Published by Young Artists in Conversation
An interview with artist Alia Hamaoui, published by Young Artists in Conversation on 24 May 2021.
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“Charlie Mills: This solicitation of touch and familiarity is key as it is often held in tension to the symbolic referents in your work. In your 2019 solo show at Camberwell College of Arts, Springboard, imagery appropriated from Peter Brosnan’s 2016 documentary The Lost City of Cecil B. DeMille was layered into works composed of soap, clay and sand The film is a bizarre tale of the director of The Ten Commandments (1956), who, having first commissioned the most audacious set ever made in Hollywood, buried the entire project in the Californian desert — to be later “discovered” during an archeological dig in the 1980s. This film is fascinating on so many levels, but why in particular did you become so curious with the movie?
Alia Hamaoui: Firstly, I just love how bizarre it is and how it’s a really good example of the simulacrum that we live in — I am particularly drawn to pop culture or art historical moments when you see versions of versions. As you say, the set is an Ancient Egyptian mock up that was buried in the Californian desert due to De Mille not wanting anyone to use the set for their subsequent films. Many years later, a team of archeologists treated the dig of the set in the same way as an actual ancient Egyptian excavation and yet essentially they are looking for props. I think it makes you think about what value we place on objects and how narrative and context is often so much more important as the object becomes a vessel for the story.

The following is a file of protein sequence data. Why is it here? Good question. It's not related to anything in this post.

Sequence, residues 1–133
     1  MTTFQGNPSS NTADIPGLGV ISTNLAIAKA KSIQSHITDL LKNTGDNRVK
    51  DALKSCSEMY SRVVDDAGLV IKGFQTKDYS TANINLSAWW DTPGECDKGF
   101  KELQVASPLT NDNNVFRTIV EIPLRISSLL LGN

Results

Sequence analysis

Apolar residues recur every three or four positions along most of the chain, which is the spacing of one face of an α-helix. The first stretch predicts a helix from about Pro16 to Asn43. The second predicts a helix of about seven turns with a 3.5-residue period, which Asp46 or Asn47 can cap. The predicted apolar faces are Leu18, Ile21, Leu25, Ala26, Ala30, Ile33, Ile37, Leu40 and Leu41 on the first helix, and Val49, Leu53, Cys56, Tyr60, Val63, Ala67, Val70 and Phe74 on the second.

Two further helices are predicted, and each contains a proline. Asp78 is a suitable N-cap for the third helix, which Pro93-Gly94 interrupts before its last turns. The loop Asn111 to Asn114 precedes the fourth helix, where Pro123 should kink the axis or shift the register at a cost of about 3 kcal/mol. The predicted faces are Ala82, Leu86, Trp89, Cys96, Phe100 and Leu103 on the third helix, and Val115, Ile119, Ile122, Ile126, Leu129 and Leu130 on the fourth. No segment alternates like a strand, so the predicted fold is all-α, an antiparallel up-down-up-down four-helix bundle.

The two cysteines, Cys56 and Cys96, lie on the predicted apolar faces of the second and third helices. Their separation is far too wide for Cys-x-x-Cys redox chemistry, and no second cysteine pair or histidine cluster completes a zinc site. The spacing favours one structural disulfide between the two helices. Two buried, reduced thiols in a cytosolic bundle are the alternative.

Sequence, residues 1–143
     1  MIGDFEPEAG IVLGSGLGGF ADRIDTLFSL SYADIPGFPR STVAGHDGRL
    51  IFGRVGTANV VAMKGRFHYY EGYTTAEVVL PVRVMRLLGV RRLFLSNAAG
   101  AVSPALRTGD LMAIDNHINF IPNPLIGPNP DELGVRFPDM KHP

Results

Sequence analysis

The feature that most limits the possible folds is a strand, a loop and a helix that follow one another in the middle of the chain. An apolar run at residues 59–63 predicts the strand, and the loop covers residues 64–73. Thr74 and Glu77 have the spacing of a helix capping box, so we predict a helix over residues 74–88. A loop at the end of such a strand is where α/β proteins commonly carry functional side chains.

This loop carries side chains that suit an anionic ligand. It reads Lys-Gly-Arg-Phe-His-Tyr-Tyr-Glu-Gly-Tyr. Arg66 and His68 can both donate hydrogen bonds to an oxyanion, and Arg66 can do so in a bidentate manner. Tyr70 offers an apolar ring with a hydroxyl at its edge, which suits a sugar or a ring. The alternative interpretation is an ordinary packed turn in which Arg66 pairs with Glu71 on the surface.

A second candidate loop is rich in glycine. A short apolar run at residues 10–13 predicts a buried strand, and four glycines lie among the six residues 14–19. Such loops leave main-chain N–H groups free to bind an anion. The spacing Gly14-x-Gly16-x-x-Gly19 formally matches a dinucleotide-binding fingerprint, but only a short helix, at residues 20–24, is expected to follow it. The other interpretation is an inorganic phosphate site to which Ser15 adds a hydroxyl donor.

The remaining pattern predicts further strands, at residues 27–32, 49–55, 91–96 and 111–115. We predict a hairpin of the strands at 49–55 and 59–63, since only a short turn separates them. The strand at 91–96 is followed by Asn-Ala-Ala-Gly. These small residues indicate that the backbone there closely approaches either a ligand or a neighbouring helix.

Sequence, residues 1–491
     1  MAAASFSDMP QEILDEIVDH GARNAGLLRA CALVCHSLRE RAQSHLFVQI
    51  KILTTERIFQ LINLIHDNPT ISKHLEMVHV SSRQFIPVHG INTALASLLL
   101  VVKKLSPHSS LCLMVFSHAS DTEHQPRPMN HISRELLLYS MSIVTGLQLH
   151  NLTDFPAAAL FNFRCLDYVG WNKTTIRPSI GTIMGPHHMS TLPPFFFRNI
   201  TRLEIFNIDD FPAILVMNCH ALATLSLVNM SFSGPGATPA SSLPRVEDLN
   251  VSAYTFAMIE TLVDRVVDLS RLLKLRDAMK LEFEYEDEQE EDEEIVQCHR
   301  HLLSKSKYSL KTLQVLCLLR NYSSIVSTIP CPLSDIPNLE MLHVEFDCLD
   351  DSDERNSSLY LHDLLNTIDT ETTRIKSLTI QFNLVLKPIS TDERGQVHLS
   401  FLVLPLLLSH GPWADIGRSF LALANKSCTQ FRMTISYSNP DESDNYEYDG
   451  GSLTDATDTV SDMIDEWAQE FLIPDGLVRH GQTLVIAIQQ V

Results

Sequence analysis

I was recently listening to a podcast talking about how our cells regenerate, even the ones in our hippocampus (where memories are stored) and it went on to talk about how different cultures hold different values in what they consider important in a historical sense. When we think of ancient Greek architecture, we think of the materiality of the ruins. If someone was to remove the actual stone that they are made from, it would be deemed meaningless. Whereas in Japanese culture, the form is often held to a higher degree of importance and if the form remains, then so does the connection to its history. I find it interesting to think about where we place value and how we have a complex relationship to memory, truth and what we deem historically valuable.